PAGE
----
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Do we have to slow down digitalisation? –

Do we have to slow down digitalisation? –
Do we have to slow down digitalisation? –

The digitization of Western societies has led to an insane consumption of electronics, and Norway is the country in Europe that produces the most electronic waste. We need to slow down this spending spree. It is about how we can produce and consume more responsibly.

Recycling of electronic waste represents an annual value of NOK 120 million worldwide, and the economy is growing. By 2030, it is expected that this amount of waste will grow by 500 percent.

On a global basis last year, we produced 63 million tonnes of electronic waste. For the first time, this type of waste weighs more than the world’s heaviest man-made object – the Great Wall of China.

It’s nothing to be proud of.

The IT industry has major challenges, both in terms of value chains and circularity. If we are to achieve the EU’s goal of being fully circular by 2050, we must take action – now.

The life cycle of electronics

Every year we Norwegians buy two million mobile phones. At home in Norwegian drawers and cupboards there are 10 million mobile phones that we do not use.

The explosive growth of technology has led to the extraction and consumption of minerals and metals. We’re about to run out.


Rare metals such as europium and terbium are no longer available. A circuit board consists of approximately 30 percent copper. It is estimated that we will run out of copper as early as 2040 from conventional mines.

Therefore, the extraction of metals and minerals has become a geopolitical challenge that we must deal with.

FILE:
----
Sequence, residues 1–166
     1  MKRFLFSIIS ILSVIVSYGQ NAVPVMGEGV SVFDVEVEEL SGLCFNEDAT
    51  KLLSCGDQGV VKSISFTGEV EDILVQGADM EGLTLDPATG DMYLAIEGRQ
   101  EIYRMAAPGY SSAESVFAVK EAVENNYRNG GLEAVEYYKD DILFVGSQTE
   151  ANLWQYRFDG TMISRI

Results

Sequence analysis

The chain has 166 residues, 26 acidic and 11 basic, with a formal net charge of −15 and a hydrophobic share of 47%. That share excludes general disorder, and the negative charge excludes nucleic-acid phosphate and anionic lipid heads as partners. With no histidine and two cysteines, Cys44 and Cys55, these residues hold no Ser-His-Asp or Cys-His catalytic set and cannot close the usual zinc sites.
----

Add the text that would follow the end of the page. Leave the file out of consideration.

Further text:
We need metals and minerals

The expression “urban mining”, or urban mining in Norwegian, is about seeing and utilizing the resources in our waste. Electronic waste contains valuable minerals and metals that we can extract.

Did you know, for example, that one tonne of mobile phones corresponds to approximately 150 grams of gold, three kilograms of silver and 100 grams of copper, as well as a number of rare metals such as platinum and ruthenium. These metals and minerals are needed to develop new products.

It is therefore absolutely crucial that we are able to return the units to the value chain. In addition, the extraction of minerals and metals from existing electronics requires only 15-20 percent of the energy consumption compared to extraction from conventional mines.

We must have a circular approach

Suppliers and manufacturers of IT equipment can no longer disclaim responsibility for the value chain of which we are a large part.

Circular economy, also called circular economy, aims for resources to remain in the economy. We achieve this by reducing the use of raw materials, reducing emissions and energy consumption to a minimum. It is about looking at all links in the value chain.

Therefore, we have to build circular business models where all products we sell must be taken back into the value chain, by being reused, repaired or recycled.

Sustainability is no longer about easy greenwashing and a few nice words on the website. Working with sustainability is a demanding and comprehensive exercise where every business must look through everything from the products and services they sell on the market to their entire value chain.

The value chain can contain several thousand different actors and no one says that this work is easy.

The work with sustainability has never been more demanding. Nor has it ever been more important. And we have to move from linear to circular business models.


The article is in Norwegian

Tags: slow digitalisation Digi .no

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